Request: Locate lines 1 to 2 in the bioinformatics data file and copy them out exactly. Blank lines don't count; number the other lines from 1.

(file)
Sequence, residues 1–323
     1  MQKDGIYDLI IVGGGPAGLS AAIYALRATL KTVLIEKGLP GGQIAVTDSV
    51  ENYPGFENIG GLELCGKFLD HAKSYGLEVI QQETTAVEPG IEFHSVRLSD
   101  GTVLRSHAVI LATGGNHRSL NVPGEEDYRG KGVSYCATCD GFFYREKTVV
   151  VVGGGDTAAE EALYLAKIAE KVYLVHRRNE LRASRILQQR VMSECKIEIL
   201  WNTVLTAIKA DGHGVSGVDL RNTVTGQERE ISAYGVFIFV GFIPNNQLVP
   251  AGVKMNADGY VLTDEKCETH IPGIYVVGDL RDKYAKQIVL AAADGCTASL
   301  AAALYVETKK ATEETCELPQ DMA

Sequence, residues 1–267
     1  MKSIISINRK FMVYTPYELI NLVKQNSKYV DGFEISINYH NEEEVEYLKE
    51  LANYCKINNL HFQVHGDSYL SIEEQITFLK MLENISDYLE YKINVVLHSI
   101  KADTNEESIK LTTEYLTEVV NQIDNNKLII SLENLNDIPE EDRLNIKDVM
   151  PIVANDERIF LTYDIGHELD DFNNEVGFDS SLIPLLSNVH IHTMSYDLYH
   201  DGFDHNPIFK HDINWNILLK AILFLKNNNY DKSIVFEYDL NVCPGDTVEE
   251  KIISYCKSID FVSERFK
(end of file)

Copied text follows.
Sequence, residues 1–323
     1  MQKDGIYDLI IVGGGPAGLS AAIYALRATL KTVLIEKGLP GGQIAVTDSV